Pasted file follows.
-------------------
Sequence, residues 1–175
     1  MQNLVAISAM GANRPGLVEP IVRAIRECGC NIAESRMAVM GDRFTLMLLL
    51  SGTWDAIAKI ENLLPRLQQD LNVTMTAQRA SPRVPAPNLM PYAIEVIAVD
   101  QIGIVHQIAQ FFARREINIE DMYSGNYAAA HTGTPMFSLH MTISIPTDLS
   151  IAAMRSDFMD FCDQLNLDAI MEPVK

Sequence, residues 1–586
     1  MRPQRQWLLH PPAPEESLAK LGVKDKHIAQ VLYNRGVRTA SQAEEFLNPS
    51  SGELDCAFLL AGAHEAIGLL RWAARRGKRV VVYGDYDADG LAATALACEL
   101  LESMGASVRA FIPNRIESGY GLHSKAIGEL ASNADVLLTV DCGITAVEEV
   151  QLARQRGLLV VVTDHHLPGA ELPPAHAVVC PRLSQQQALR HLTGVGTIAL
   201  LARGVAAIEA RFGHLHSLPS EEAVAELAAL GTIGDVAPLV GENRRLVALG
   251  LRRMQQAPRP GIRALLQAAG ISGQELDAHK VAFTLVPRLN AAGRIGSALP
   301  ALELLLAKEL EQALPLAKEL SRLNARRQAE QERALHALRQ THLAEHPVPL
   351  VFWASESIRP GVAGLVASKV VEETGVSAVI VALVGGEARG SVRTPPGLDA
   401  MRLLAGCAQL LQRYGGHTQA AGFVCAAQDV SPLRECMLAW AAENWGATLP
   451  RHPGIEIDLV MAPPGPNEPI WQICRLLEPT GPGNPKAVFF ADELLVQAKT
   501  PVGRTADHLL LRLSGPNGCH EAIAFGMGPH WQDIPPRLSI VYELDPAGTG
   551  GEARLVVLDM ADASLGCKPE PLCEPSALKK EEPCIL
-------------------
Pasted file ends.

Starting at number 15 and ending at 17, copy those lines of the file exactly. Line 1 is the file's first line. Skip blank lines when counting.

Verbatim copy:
   401  MRLLAGCAQL LQRYGGHTQA AGFVCAAQDV SPLRECMLAW AAENWGATLP
   451  RHPGIEIDLV MAPPGPNEPI WQICRLLEPT GPGNPKAVFF ADELLVQAKT
   501  PVGRTADHLL LRLSGPNGCH EAIAFGMGPH WQDIPPRLSI VYELDPAGTG